India is keen to be a partner in the multi-billion Iran-Pakistan-India (IPI) gas pipeline project and has promised to resist “all external pressures on the issue”, said Iranian Oil Minister Gholam Hossein Nozari.
According to Indian ministry sources, the IPI gas pipeline is quite crucial for New Delhi as after signing of the agreement, 60 million standard cubic meters per day (mmscmd) of gas is expected to be supplied in phase-I, which will be shared equally between India and Pakistan.
In phase-II, 90 mmscmd of gas will be supplied to India and Pakistan. So far six meetings of the trilateral joint working group (JWG) of the participating countries have been held with the last meeting being held in New Delhi on June 28-29, 2007.
India, Asia’s third-largest economy, can produce only half the gas it needs to generate electricity, causing blackouts and curbing economic growth. Demand may more than double to 400 million cubic meters a day by 2025 if the economy grows at the projected rate of 7 to 8 percent a year, according to the Indian oil ministry.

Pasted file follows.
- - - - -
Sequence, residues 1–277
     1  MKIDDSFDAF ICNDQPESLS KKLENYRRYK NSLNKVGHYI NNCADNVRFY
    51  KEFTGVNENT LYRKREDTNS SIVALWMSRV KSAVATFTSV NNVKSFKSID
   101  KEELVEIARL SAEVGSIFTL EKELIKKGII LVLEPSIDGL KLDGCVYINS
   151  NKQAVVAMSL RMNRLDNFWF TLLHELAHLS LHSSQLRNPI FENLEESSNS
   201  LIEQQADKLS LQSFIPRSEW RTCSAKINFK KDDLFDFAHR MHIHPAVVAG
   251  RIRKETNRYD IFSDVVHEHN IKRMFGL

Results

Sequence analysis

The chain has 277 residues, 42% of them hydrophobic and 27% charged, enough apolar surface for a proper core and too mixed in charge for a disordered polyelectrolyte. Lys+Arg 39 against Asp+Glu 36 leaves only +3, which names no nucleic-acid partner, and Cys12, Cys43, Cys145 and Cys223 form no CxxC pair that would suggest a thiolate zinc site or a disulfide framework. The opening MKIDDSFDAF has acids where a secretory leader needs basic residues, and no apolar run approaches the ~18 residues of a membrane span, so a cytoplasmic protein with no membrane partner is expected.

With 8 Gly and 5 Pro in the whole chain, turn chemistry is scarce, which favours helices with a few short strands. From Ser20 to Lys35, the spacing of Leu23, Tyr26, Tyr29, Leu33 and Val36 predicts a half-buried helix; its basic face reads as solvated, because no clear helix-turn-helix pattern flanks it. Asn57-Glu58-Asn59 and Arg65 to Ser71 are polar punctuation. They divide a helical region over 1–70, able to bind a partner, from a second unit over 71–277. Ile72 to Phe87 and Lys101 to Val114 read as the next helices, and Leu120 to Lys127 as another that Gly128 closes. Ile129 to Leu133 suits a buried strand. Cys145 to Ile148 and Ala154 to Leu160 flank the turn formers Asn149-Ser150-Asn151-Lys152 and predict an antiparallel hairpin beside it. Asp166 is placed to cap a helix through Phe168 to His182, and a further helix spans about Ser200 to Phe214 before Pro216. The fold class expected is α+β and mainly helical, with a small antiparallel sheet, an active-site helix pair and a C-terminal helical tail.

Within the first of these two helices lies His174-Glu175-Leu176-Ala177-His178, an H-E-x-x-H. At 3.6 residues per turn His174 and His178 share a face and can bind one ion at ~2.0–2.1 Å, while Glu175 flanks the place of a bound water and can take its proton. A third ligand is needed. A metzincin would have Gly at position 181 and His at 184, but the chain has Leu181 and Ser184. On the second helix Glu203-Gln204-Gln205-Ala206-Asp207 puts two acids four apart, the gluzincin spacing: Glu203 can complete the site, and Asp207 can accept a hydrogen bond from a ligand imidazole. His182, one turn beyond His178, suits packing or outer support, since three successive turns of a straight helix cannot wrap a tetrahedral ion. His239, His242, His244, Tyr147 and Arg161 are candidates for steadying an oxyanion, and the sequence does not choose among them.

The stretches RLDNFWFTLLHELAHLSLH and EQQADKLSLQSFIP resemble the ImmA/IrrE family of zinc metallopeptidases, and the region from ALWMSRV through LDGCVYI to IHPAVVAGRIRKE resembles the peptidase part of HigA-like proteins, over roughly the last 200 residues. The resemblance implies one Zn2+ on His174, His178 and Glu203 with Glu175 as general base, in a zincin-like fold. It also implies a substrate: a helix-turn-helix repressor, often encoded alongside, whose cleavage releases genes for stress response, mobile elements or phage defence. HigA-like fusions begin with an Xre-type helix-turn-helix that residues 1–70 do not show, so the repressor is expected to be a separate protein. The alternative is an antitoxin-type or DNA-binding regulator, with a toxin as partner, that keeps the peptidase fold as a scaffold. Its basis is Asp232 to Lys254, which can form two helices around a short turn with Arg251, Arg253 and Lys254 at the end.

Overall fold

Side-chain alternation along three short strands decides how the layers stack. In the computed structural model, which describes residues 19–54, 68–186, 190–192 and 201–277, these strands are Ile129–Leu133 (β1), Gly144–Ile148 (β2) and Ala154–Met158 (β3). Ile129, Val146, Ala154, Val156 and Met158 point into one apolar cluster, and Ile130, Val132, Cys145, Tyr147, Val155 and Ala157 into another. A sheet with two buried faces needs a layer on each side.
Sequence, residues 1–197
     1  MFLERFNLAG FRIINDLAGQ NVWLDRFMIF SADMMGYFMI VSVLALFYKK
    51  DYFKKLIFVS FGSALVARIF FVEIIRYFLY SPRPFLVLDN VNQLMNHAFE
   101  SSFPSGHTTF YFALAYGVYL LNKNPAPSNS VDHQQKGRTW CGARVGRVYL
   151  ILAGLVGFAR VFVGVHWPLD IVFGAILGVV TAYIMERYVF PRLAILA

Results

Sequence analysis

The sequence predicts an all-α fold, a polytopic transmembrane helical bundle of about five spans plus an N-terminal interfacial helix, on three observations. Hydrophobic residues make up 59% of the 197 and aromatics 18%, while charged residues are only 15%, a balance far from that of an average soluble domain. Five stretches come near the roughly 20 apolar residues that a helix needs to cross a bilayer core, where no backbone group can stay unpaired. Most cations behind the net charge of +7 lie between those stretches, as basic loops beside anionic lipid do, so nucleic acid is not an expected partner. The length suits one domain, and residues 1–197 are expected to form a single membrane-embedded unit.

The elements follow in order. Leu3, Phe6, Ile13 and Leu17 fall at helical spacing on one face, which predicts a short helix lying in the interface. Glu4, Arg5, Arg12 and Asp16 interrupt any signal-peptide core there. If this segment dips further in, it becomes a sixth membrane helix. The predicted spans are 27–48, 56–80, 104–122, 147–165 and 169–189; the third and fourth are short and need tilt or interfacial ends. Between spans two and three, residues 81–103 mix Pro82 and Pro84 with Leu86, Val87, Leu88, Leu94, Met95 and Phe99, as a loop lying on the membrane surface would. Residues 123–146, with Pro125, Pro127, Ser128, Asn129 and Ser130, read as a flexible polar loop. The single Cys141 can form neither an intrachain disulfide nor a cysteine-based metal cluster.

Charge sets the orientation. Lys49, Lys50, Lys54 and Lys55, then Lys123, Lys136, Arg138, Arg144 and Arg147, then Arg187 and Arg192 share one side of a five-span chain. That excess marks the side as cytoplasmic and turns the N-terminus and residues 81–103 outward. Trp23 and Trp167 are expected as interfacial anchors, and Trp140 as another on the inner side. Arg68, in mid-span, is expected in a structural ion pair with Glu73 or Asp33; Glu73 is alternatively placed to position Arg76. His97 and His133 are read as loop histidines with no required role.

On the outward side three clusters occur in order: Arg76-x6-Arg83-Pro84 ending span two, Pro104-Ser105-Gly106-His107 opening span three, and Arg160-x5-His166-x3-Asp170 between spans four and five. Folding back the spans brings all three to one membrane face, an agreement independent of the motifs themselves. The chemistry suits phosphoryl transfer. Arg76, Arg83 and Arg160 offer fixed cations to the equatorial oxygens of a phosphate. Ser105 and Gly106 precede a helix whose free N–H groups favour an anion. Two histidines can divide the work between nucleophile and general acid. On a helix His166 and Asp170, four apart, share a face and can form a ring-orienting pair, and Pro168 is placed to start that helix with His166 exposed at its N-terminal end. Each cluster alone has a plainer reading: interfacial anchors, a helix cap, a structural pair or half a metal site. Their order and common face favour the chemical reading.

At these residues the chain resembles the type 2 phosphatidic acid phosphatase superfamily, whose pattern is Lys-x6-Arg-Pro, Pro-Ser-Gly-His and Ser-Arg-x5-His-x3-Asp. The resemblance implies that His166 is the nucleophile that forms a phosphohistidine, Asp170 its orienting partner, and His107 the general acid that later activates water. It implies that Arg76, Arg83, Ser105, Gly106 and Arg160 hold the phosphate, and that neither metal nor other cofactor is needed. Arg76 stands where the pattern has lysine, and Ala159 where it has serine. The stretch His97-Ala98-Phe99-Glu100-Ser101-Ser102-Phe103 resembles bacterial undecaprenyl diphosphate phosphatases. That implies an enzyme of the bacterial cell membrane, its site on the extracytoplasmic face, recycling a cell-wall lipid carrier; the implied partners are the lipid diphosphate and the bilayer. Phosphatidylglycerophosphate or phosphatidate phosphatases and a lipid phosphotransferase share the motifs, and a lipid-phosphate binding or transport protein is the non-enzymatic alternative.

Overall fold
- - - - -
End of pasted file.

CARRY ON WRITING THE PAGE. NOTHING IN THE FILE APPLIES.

The several-billion-dollar project stalled because India couldn’t agree with Islamabad on the fees it will pay Pakistan for transporting the fuel. The 2,100-kilometer (1,305- mile) pipeline was shelved when the nuclear-armed neighbors came to the brink of war after a terrorist attack on India’s parliament in 2001.
Talks are more likely to progress after Pakistan elected Yousuf Raza Gillani as its new prime minister this week, ending six months of political instability that culminated with the suspension of the constitution in November and the assassination of former Prime Minister Benazir Bhutto in December.